IOM and UNHCR Call for Decisive Action Following Mediterranean Tragedy
Geneva – The International Organization for Migration (IOM), and UNHCR, the UN Refugee Agency are calling for urgent and decisive action to prevent further deaths at sea following the latest tragedy in the Mediterranean, the worst in several years.
While the number of people onboard the boat which capsized on 14 June off the coast of Greece is not clear, it is believed to have been somewhere between 400 and 750, according to various testimonies. So far 104 people have been rescued and 78 bodies retrieved, while hundreds remain missing, and feared dead.
The boat was reportedly in distress since the morning of 13 June. A large-scale search and rescue operation was announced by the Hellenic Coast Guard on the morning of 14 June, after the boat capsized.
The duty to rescue people in distress at sea without delay is a fundamental rule of international maritime law. Both shipmasters and States have an obligation to render assistance to those in distress at sea regardless of their nationality, status or the circumstances in which they are found, including on unseaworthy vessels, and irrespective of the intentions of those onboard.
Any action carried out with regard to search and rescue should be conducted in a manner consistent with the obligation to prevent loss of life at sea.
IOM and UNHCR welcome the investigation that has been ordered in Greece into the circumstances which eventually led to the boat capsizing and the loss of so many lives.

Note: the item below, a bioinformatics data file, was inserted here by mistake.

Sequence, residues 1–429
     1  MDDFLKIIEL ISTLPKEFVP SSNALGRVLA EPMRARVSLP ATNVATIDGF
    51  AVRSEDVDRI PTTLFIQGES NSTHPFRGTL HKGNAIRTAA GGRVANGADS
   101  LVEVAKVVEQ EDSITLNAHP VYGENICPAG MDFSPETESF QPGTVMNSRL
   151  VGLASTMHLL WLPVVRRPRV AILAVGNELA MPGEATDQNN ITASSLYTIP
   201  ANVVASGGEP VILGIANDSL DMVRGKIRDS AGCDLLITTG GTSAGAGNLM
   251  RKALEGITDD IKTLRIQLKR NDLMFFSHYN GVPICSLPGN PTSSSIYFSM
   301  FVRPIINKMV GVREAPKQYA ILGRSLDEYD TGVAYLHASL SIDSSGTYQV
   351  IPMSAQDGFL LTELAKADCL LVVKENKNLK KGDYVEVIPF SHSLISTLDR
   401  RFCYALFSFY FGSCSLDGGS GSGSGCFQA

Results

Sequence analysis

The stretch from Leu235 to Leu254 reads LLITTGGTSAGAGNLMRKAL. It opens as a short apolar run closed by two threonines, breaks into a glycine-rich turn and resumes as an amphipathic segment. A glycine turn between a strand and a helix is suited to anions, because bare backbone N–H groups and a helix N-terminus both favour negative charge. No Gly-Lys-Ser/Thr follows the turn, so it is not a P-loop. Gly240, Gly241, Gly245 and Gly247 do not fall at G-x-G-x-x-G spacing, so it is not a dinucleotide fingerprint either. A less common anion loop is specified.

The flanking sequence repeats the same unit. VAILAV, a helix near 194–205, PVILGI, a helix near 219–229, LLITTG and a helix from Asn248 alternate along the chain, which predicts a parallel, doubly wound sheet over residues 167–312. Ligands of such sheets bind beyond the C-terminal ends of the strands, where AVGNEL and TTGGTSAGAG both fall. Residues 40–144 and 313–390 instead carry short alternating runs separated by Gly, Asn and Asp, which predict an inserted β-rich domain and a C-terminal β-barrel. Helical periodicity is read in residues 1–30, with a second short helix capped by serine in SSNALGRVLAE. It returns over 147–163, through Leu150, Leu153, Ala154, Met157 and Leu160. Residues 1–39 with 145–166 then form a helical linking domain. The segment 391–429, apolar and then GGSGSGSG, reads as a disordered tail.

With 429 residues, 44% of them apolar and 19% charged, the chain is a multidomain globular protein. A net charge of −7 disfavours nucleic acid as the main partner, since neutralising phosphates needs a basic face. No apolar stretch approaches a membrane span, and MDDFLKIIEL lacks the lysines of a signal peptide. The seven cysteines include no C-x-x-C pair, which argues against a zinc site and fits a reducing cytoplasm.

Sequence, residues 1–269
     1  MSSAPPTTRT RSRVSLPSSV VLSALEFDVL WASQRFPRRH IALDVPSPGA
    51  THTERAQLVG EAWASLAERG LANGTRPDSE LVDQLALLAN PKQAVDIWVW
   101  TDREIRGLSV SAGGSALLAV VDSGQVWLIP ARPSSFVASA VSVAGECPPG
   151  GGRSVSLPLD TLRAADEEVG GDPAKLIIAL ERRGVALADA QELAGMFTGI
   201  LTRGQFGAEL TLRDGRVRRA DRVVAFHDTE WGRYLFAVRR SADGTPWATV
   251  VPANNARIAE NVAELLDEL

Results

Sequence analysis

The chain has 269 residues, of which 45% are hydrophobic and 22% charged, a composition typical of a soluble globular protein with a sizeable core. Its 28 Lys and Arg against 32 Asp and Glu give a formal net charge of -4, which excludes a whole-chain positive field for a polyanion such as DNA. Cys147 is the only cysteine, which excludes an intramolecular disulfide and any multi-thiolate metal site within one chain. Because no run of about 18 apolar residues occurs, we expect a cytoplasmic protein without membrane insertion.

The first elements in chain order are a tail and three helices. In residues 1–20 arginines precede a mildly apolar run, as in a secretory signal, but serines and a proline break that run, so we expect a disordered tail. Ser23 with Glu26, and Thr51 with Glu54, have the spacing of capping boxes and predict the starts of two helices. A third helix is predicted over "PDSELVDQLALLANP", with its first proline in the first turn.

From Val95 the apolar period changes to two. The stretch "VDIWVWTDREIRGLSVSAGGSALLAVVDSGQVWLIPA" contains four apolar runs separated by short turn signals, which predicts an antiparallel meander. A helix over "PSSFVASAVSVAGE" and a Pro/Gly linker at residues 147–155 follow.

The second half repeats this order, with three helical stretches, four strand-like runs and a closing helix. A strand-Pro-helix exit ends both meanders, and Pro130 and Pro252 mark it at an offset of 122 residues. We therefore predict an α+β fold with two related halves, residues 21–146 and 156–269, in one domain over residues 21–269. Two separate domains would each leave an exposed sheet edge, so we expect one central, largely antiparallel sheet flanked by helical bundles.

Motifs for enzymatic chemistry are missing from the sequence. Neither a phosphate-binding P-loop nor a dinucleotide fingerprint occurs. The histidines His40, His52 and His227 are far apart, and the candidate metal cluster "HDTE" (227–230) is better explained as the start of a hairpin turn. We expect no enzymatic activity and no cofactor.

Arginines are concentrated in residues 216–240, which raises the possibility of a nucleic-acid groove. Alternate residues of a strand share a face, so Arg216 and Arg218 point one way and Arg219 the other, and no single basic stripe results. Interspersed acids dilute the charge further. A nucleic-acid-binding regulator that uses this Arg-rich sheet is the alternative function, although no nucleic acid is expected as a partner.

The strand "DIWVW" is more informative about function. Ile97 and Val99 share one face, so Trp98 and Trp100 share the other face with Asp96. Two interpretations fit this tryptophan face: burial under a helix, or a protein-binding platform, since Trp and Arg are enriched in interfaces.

Both UNHCR and IOM have been on the ground in Kalamata, in southern Greece in close coordination with the authorities providing support and assistance to the survivors, including non-food items, hygiene kits, interpretation services and counselling for survivors who are traumatized following the ordeal.
IOM and UNHCR reiterate that search and rescue at sea is a legal and humanitarian imperative.
“It is clear, that the current approach to the Mediterranean is unworkable. Year after year, it continues to be the most dangerous migration route in the world, with the highest fatality rate. States need to come together and address the gaps in proactive search and rescue, quick disembarkation, and safe regular pathways. These collective efforts should have the human rights of migrants and saving lives at the centre of any response” said Federico Soda, IOM Director for the Department of Emergencies.
“The EU must put safety and solidarity at the heart of its action in the Mediterranean. In view of the increased movements of refugees and migrants in the Mediterranean, collective efforts, including greater coordination between all Mediterranean States, solidarity and responsibility-sharing, as reflected in the EU’s Pact on Migration and Asylum are essential to save lives. This includes the establishment of an agreed regional disembarkation and redistribution mechanism for people who arrive by sea, which we continue to advocate for.” said Gillian Triggs, UNHCR Assistant High Commissioner for Protection.
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